Image credit: Mercedes Benz
On the road to fully autonomous driving, there are a few milestones that give us some hope. Cars like the Volvo S90 that can adjust speed for the car in front of you on the highway and a Tesla Model S that can go hands-free for short periods have already set the bar.
This year, Cadillac challenged the Tesla throne with Super Cruise, a feature on the 2018 Cadillac CT6 that lets you drive without touching the steering wheel, even for several hours.
Another milestone? A feature on the 2018 Mercedes Benz E400 called Active Speed Limit Assist.
It’s not brand new, and you can find it on other Mercedes models like the S-Class and several BMW models, but it’s a sign of things to come – adaptive intelligence, machine learning, image recognition, and real-time mapping on major highways.
As you drive, the E400 will adjust the speed you are driving to match the post limit. (You have to enable the feature in the main display; to activate, just use cruise control.)
It’s an exciting innovation for a few reasons. One is that you don’t have to think about the speed limit (say what you will at this point about going 5 mph over the limit, which many drivers feel is an acceptable risk).
You can pay attention to other things, like the sports-car on your bumper. Of course, you should always be aware of your speed.
More than anything, it shows how cars are becoming more aware of the roadway, the posted limits, and eventually could sense imminent dangers long before you see them yourself.
In testing it, there’s a feeling that an AI has taken over, one that adjusts automatically. On a four-lane highway, the E400 surged gently forward at times before we even realized the limit had changed.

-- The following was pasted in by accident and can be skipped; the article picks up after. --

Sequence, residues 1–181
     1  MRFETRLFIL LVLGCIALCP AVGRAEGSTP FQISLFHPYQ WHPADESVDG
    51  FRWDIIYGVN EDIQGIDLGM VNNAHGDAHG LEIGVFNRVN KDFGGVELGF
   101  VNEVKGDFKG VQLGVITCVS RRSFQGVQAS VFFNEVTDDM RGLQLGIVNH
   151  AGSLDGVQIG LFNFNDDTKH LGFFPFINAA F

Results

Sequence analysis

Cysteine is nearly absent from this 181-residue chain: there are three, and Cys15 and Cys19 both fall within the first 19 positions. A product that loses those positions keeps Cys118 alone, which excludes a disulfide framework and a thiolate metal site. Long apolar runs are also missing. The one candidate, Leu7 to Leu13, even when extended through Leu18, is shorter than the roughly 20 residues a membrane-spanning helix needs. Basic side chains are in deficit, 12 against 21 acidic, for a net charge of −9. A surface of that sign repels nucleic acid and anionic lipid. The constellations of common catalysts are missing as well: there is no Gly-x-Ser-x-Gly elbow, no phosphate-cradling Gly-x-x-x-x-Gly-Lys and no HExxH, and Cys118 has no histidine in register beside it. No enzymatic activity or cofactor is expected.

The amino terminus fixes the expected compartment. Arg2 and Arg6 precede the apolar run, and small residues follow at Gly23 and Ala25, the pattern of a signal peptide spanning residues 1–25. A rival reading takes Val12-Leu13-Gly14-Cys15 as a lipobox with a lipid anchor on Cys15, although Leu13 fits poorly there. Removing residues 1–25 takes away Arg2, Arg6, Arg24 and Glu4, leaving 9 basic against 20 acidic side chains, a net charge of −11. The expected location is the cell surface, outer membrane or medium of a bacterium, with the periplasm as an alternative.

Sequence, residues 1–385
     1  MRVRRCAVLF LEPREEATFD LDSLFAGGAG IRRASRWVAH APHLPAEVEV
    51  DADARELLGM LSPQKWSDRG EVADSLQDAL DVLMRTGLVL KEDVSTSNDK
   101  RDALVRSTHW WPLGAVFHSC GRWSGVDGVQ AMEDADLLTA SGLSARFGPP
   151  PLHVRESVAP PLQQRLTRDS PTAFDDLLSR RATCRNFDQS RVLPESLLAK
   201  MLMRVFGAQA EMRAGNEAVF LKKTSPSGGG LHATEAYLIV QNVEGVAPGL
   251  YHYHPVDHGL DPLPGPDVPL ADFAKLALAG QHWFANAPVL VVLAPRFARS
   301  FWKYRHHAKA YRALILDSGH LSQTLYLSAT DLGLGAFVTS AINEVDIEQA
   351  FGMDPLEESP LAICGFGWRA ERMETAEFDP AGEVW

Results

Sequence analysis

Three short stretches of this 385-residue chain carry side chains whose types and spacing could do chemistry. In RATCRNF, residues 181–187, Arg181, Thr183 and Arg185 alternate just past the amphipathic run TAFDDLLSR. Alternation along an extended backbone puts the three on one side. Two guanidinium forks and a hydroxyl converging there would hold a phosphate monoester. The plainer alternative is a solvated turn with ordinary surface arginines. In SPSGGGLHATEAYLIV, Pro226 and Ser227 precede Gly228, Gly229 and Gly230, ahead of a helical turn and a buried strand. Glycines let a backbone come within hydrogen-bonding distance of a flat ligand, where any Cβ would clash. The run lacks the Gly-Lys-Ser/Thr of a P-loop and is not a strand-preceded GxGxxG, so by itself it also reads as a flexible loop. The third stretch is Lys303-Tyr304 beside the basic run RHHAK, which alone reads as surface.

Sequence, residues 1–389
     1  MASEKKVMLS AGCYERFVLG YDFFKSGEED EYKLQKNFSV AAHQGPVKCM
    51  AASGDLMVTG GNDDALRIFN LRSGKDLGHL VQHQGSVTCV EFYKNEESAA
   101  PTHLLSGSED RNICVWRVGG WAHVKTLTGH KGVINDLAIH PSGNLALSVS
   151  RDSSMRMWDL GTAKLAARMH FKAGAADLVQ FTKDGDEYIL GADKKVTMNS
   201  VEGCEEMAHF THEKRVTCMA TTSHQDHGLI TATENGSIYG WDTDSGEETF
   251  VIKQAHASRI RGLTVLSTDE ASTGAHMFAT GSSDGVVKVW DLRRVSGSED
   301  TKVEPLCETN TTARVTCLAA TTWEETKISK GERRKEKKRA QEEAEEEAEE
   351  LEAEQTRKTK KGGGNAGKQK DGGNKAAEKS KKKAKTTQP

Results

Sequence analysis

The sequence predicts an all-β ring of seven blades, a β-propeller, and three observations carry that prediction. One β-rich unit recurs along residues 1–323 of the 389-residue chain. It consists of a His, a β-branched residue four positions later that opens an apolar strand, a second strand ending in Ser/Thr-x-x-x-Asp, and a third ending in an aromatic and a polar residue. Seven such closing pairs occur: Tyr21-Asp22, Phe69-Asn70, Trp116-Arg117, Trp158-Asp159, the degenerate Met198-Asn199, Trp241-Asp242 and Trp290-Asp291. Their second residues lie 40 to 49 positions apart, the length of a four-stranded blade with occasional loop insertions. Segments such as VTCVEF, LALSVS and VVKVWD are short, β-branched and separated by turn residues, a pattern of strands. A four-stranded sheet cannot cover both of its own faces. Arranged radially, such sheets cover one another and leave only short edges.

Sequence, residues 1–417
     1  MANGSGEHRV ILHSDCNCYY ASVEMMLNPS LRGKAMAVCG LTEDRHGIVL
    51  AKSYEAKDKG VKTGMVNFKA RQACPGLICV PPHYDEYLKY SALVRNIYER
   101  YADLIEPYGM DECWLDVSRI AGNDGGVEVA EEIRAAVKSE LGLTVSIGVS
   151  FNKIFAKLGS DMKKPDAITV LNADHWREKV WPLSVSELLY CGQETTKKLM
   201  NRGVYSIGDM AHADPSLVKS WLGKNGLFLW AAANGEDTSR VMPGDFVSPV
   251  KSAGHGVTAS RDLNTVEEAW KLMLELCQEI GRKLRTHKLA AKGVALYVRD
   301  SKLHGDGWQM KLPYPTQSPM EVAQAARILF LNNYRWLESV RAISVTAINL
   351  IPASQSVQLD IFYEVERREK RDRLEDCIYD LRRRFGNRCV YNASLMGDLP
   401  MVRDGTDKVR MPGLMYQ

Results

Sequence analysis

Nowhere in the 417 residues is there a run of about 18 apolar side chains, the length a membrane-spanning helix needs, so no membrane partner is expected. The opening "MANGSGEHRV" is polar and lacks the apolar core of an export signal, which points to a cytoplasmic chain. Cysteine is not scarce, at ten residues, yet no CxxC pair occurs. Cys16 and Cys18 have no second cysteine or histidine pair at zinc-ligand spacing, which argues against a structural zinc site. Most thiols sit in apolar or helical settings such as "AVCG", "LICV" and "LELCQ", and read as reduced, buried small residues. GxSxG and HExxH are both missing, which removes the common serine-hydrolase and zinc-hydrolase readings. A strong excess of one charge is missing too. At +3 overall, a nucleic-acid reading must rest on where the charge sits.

This can help in situations where you are driving slowly and don’t realize why everyone is looking at you. In one case, a jump from an area with stoplights with a speed limit of only 55 mph suddenly changed over to 70 mph.
Mercedes doesn’t do the abrupt speed change common on other vehicles that finally have adaptive cruise control, like the 2018 Toyota Prius Prime. Instead, it’s gradual.
During a longer test outside of a major city, there were times when we forgot the E400 was even changing speeds. It’s easy to see how future cars will also read conditions like construction zones, icy pavement, an accident, and other problems reported either to traffic centers or that the car can identify.
Still, Active Speed Limit Assist isn’t perfect. It worked for us only at normal highways speeds; in a traffic jam on a lonely country road with poor lane markings, it wasn’t available.
Another specification to consider? The optional Premium 3 package adds $10,200 (about £7,320 / AU$13,080) to the $58,900 (about £42,274 / AU$75,538) base price. You’re driving forward into the future, but not at Toyota Prius prices.
On The Road is TechRadar's regular look at the futuristic tech in today's hottest cars. John Brandon, a journalist who's been writing about cars for 12 years, puts a new car and its cutting-edge tech through the paces every week. One goal: To find out which new technologies will lead us to fully autonomous vehicles.
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